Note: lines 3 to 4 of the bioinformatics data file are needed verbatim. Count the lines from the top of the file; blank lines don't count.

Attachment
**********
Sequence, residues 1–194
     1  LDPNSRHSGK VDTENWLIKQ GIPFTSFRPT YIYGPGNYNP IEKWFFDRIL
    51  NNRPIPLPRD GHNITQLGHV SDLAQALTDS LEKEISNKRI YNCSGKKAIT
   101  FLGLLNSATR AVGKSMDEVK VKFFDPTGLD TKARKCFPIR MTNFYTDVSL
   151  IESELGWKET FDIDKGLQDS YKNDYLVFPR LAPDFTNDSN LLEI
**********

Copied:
    51  NNRPIPLPRD GHNITQLGHV SDLAQALTDS LEKEISNKRI YNCSGKKAIT
   101  FLGLLNSATR AVGKSMDEVK VKFFDPTGLD TKARKCFPIR MTNFYTDVSL